Sunday, March 30, 2008

Daring Bakers Challenge: Dorie's Perfect Party Cake, San Francisco Style


Remember the epic French bread post? And all of those amazing Daring Bakers? Well this month's challenge has now come and gone, and I managed to pull it off at the last minute, during our trip to California.

The recipe this time was decidedly less involved, and allowed for plenty of adaptations and creativity: Dorie Greenspan's Perfect Party Cake. The host of this month's challenge was Morven, whose blog can be found here.

I won't include the entire recipe here, but you should invest in Dorie Greenspan's Baking: From My Home to Yours if you are curious. The original recipe is for a lemon-flavored white layer cake, complete with raspberry filling and a thick, luscious buttercream meringue frosting. We're talking 3-sticks-of-butter-luscious. While this may sound tempting, though, buttercream isn't really my thing....and neither is lemon-flavored cake, for that matter. I knew after reading the recipe a few weeks ago that I wanted to get the creative juices flowing, and make something a bit more in tune with my tastes.

Given that we were in the Bay Area for the past week, we made multiple trips to the Ferry Building Farmers' Market, in San Francisco. Trust me, this is really a farmer's farmers' market, and features heaps upon heaps of fresh vegetables, juicy citrus, and handmade breads, cheeses, and jams. We got up early yesterday morning after a 2-day romp in Big Sur to head on over, hoping to find some baking inspiration from the dizzying array of delicious foodstuffs.

We stumbled upon success at the second stand that we passed, which featured handmade quark. Quark is a mascarpone-like soft cheese, and this particular vendor sold it in a variety of flavors, including the utterly delicious vanilla bean. We tried a sample and promptly bought it, with visions of it oozing from between layers of soft, white cake.


A while later we happened upon a sample-happy vendor selling almond brittle which, crunchy with butter and sugar, made an obvious choice for our cake. And so, with quark and brittle in hand, and a jar of raspberry Bonne Maman in the fridge at home, I was ready to go on a baking binge.


I stayed true to the cake recipe, although I replaced the lemon extract with vanilla, and baked it in a sheet pan instead of in layers. I opted for a mini cake sandwich instead of a big layer cake; I wasn't sure if I could stretch the quark far enough to frost a whole cake. Besides, I can't resist making miniatures.

Once baked, I cut a small circle of cake, and sliced this circle in half to form two layers. I then spread each layer with thinned raspberry jam. Next came a hefty dollop of quark whipped cream, which I made by (surprise!) whipping the vanilla bean quark with some heavy cream to get a smooth, spreadable consistency.




To really push it over the edge, I crumbled up the almond brittle and tossed in a few Scharffen Berger cacao nibs (obtained during a prior Ferry Building visit), and then sprinkled this mixture over the cream.


Then a bit more cream, the final cake layer....


A touch more jam, and voila! A nutty, nibby, berry-y, creamy cake sandwich.


Take a look at this cross-section and tell me this doesn't look good:


Jonathan certainly enjoyed it, as did I. And in case you were wondering: no, I did not have the patience nor the time to make a whole bunch of these little creations. I cut the rest of the cake into cubes, whipped the rest of the cream and quark, and made a trifle which we gobbled up for dessert later that evening. It was heavenly.

So, another challenge down, and I'm anxious to see what next month's challenge is. Thanks to Morven for giving us a little wiggle room in this challenge; I had so much fun picking out flavors and ingredients to make this cake.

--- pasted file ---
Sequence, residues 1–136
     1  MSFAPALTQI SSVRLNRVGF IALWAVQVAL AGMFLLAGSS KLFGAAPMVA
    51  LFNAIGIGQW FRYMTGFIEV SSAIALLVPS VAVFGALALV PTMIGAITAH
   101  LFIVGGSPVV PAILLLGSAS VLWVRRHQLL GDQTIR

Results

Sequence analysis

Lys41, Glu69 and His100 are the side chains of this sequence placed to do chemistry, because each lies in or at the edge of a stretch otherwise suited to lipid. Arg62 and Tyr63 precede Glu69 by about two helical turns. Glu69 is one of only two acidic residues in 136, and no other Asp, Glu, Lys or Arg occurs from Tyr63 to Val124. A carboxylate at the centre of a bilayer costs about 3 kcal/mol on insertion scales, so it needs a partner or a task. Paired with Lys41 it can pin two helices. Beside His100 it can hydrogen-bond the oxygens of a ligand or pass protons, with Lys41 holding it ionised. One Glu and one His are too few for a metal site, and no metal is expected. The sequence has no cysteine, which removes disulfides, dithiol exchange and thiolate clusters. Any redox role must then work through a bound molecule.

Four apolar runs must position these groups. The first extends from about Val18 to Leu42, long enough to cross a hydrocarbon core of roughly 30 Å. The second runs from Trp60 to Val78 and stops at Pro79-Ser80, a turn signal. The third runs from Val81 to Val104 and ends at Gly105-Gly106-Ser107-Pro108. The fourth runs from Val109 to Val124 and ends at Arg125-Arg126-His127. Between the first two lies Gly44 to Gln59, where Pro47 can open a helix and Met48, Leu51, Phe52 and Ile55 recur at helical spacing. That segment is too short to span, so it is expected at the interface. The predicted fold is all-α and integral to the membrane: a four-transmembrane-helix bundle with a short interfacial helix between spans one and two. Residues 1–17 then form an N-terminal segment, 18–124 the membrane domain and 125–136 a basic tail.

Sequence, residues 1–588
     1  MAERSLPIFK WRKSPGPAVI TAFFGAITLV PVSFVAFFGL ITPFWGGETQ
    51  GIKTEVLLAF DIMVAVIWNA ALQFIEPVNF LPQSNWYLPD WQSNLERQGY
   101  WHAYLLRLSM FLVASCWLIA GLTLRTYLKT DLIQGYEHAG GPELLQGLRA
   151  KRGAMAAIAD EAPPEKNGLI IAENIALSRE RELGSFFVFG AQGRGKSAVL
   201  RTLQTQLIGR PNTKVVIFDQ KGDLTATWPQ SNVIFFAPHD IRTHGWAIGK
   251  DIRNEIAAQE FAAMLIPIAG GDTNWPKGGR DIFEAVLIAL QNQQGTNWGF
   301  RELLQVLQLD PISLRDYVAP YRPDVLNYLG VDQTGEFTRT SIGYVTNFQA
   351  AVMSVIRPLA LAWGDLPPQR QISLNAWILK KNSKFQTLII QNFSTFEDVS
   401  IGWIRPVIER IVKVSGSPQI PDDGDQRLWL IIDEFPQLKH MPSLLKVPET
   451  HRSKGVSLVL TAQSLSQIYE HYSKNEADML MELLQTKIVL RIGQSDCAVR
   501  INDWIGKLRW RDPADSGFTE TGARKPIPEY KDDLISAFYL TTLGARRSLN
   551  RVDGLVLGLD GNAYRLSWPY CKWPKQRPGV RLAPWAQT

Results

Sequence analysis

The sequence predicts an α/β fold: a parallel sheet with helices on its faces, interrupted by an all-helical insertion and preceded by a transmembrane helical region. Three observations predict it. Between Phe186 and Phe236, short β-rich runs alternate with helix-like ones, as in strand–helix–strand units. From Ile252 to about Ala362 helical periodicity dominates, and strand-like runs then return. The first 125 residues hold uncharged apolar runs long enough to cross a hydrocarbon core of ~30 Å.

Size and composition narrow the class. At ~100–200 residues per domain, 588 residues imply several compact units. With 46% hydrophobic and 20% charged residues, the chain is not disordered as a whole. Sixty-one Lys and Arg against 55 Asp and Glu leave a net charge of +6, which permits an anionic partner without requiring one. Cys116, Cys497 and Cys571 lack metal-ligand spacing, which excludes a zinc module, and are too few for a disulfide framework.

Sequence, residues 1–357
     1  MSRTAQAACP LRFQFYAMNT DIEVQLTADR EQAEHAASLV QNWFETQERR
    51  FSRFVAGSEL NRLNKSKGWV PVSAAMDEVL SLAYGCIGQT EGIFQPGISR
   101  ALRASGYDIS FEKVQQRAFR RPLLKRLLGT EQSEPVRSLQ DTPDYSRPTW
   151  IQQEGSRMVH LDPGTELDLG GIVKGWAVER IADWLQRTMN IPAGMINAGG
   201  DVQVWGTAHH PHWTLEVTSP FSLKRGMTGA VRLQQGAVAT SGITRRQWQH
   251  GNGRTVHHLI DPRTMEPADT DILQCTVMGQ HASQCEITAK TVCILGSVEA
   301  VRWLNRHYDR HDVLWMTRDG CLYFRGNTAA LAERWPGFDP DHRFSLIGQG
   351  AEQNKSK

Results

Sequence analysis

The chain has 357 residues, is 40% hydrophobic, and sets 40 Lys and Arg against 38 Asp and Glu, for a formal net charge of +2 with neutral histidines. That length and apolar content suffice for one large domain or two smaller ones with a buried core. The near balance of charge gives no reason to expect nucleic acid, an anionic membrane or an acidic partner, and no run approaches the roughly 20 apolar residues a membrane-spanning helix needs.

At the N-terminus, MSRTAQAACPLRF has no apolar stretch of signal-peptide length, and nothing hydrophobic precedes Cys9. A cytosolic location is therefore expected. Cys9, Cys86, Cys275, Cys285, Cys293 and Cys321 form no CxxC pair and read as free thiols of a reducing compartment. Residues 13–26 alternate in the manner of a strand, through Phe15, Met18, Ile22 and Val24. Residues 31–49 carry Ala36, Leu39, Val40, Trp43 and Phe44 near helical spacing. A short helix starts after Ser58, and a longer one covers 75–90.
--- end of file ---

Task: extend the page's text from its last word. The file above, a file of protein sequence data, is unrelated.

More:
And now that I'm back from spring break, stay tuned for more adventures with cacao nibs...

Monday, March 24, 2008

Back in Action


Wow - it has been so long since the last Red Ramekin post! I didn't realize just how long it had been until I signed into Blogger to check up on my little baby blog...it has been neglected for the past three weeks, and I am very sorry about it. I won't let it happen again, I promise.

These past few weeks were pretty busy for me, but now I'm one huge step closer to graduation and I should have plenty of time to give Red Ramekin the love it deserves. On a related note, Jonathan and I are currently spring breaking, northern California style. Today it was 70 degrees outside, and in general the food here is so good it makes me wonder why I ever decided to commit to two more years of living in Boston. As soon as I stepped off the plane today, I was craving fruit and veggies and everything else that this Massachusetts weather has been keeping from me. Granny smith apples and root vegetables are great and all....but sometimes you just want some berries. And not those crunchy, vaguely berry-flavored specimens that cost $8 per pint.

Our first stop after the San Francisco airport was the Ferry Building, which on Tuesdays and Saturdays is bustling with a huge farmers' market. Today it was a bit quieter, but still lively; there was no farmers' market, but we had lunch at a little seafood place that really hit the spot. Super-fresh shrimp, crab, chowder, and salad was perfect post-flight nourishment.

We'll be heading back on Tuesday, though, because the farmers' market at the Ferry Building is not something foodies can afford to miss. I went once before, in December, and am anticipating an even more bountiful selection of fruits, vegetables, cheeses, and other specialty comestibles. It's really all about the samples, though. Last time I sampled everything from pummelos to persimmons, so I'm looking forward to some new things this time around, too.

But back to the kitchen...

I thought I'd share a little entertaining tip that is becoming one of my favorite ways to play hostess. Some might call it half-assing, but that's OK. Half-assing is better than full-assing, right? In any case, the tip is: make half and procure half. Or, as it happened a few nights ago, make one really fantastic thing, and supplement it with some other, prepared things.

The really fantastic thing was homemade sushi, and the prepared thing was Whole Foods sausages that we grilled at home. OK, I know - not the most, um, cohesive meal. But it wasn't my fault - I was in charge of the sushi, and left the guests to pick out something else to supplement it. A few months ago we tried the same technique, but purchased the sushi and prepared some miso-soba noodle soup.

The make half procure half route is not just about half-assing though. In our case, it's about being able to entertain for a larger crowd and in a more relaxed setting. The kitchen and our cookware probably wouldn't be able to accommodate cooking a full meal for 8 people, but if you procure, instead of prepare, half of your food, dinner for 7 or 8 becomes completely possible.